5 books Richard Branson thinks you should read


richard bransonRick Wilking/Reuters

Richard Branson, the Virgin Group Founder and self-described tie-loathing billionaire, still finds time in his busy schedule to read.

As part of Facebook’s recent #ReadToLead hashtag, Branson offered up the handful of titles that kept his attention in 2016.

We can’t guarantee you’ll follow in the entrepreneur’s footsteps, but the books could certainly set you in the right direction.

“Black Box Thinking” by Matthew Syed

Failure is a key component of any successful system, but only if the people at the controls understand what went wrong.

In “Black Box Thinking,” journalist Matthew Syed explores why some people try to ignore their mistakes and others confront them deliberately. Syed pushes people to adopt a growth mindset, as the psychologist Carol Dweck calls it, rather than a fixed mindset.

“It advocates for changing attitudes towards failure, and understanding that the only way we learn is by trying things and altering our behaviour based on the results,” Branson writes on his blog.

“Ending the War on Drugs” by Richard Branson

Edited by Branson himself (“I couldnt resist sneaking in a book I contributed to,” he writes) “Ending the War on Drugs” is a compilation of essays about the global drug war and the many failed attempts to end it.

“It brings together such a smart group of experts to explain why global drug policy reform is so important,” Branson writes. The list includes philanthropist George Soros, former Mexican president Ernesto Zedillo, and former Swiss president Ruth Dreifuss, among others.

“Attitudes towards treating drugs as a health issue, not a criminal problem, are changing fast,” Branson explains. “Anyone who reads this book will understand why.”

“Travels with Charley in Search of America” by John Steinbeck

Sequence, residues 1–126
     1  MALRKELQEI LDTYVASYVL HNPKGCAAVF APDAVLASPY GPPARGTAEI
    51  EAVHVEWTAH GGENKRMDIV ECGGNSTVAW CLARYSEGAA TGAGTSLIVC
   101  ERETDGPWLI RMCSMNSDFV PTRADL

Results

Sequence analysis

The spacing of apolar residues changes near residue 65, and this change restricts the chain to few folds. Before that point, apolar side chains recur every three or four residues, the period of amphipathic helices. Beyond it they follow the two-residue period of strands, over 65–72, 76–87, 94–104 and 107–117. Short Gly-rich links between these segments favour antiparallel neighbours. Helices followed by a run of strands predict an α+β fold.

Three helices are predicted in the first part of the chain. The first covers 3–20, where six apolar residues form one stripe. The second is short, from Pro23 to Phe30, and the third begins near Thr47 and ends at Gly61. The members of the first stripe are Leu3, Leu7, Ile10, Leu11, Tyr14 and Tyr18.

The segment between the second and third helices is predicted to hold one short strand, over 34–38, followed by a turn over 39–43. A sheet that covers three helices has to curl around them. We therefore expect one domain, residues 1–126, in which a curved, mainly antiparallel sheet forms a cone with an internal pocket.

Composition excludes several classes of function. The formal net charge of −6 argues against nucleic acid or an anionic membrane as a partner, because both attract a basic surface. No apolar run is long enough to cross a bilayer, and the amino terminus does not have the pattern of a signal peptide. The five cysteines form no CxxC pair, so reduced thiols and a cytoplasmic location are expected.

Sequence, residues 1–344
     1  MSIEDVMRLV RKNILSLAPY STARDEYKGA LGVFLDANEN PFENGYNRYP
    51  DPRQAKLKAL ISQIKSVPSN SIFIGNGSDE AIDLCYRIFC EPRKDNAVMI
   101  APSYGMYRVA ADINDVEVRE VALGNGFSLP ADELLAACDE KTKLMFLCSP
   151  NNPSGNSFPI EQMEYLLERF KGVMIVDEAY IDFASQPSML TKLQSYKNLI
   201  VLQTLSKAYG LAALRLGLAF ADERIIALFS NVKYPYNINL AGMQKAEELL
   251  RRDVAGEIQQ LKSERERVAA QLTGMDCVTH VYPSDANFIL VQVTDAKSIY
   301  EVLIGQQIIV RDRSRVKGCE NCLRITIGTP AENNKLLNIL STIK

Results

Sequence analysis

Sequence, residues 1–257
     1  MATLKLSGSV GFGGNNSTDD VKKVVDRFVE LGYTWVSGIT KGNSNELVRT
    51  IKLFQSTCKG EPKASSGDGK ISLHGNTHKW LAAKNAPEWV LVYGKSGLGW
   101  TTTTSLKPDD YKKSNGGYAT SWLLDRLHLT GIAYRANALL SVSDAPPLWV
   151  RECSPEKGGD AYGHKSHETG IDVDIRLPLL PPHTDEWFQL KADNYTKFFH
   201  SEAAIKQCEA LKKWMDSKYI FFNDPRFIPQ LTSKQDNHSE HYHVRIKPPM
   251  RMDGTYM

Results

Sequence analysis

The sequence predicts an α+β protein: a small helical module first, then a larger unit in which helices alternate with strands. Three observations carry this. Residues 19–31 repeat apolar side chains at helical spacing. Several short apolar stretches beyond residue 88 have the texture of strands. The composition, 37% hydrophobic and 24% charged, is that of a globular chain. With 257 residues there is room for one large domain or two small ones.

Criss-crossing the US with his French poodle in tow, Steinbeck shares his experiences meeting America’s most down-home folks in “Travels with Charley.”

Steinbeck drives through national parks, back country roads, small towns, and big cities. He encounters every slice of Americana there is, and presents the reader with a full picture of who calls the country home.

Branson looks upon the book less as a guide for leading, he says, than as a guide for living.

“It opens your eyes to the small pleasures of life, and the great wonders of humanity in the little moments that matter,” he writes.

“If I Could Tell You Just One Thing” by Richard Reed

Author Richard Reed has an insatiable desire to learn what guides other people’s lives, and he makes it known by asking anyone and everyone for advice.

In “If I Could Tell You Just One Thing,” Reed brings together the best pieces of advice he’s received over the years from notable celebrities, athletes, politicians, and entrepreneurs (Branson included).

“They highlight tangible lessons from a diverse range of interesting people, and I like to read a chapter every now and then to get inspired,” Branson explains.

“Winners” by Alastair Campbell

Journalist and political aide Alastair Campbell takes an exhaustive look at what ingredients make up a success story in “Winners: And How They Succeed.”

Some of the wealthiest and high-achieving people all rely on similar patterns of behavior to get the most out of their days, whether it’s waking up and exercising at certain times of the day or finding time to check email.

Like Reed’s book, Branson says he reads a few chapters at a time to remind himself how far he’s come and where he still has room to grow.

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